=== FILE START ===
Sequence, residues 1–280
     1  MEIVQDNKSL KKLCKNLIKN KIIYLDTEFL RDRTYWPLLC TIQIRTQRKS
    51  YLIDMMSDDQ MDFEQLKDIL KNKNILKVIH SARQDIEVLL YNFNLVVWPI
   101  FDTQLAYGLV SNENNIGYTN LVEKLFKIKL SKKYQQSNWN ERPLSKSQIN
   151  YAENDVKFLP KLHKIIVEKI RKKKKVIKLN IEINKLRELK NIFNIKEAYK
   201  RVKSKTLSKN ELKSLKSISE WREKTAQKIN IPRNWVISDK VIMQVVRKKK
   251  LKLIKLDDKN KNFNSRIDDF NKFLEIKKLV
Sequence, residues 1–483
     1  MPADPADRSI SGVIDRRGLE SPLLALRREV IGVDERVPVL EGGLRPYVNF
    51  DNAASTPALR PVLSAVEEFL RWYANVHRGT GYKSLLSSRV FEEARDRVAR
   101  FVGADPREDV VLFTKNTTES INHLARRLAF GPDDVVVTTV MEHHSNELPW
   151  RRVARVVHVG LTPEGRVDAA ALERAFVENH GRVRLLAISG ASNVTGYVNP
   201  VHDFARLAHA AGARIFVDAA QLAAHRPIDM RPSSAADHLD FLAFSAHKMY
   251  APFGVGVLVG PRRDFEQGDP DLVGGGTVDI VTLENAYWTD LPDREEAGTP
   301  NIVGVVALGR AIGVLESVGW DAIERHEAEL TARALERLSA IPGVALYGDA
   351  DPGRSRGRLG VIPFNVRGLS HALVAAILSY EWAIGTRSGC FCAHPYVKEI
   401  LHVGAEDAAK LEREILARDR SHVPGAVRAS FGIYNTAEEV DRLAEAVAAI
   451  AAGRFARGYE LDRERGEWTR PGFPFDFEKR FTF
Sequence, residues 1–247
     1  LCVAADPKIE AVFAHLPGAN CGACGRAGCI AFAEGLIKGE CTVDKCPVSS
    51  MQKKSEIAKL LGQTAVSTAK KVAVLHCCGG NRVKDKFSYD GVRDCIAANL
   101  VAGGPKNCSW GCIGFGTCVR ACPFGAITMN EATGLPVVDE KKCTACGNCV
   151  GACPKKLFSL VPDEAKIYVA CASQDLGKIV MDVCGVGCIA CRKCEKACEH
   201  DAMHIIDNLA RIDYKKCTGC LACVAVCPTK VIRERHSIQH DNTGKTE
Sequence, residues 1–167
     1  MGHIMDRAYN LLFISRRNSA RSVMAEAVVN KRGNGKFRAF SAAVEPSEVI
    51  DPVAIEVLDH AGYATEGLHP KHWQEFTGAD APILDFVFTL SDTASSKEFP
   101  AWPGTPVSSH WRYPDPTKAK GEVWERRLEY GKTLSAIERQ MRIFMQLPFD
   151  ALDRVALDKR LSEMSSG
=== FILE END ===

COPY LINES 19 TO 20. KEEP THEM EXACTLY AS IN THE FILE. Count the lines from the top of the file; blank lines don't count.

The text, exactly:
Sequence, residues 1–247
     1  LCVAADPKIE AVFAHLPGAN CGACGRAGCI AFAEGLIKGE CTVDKCPVSS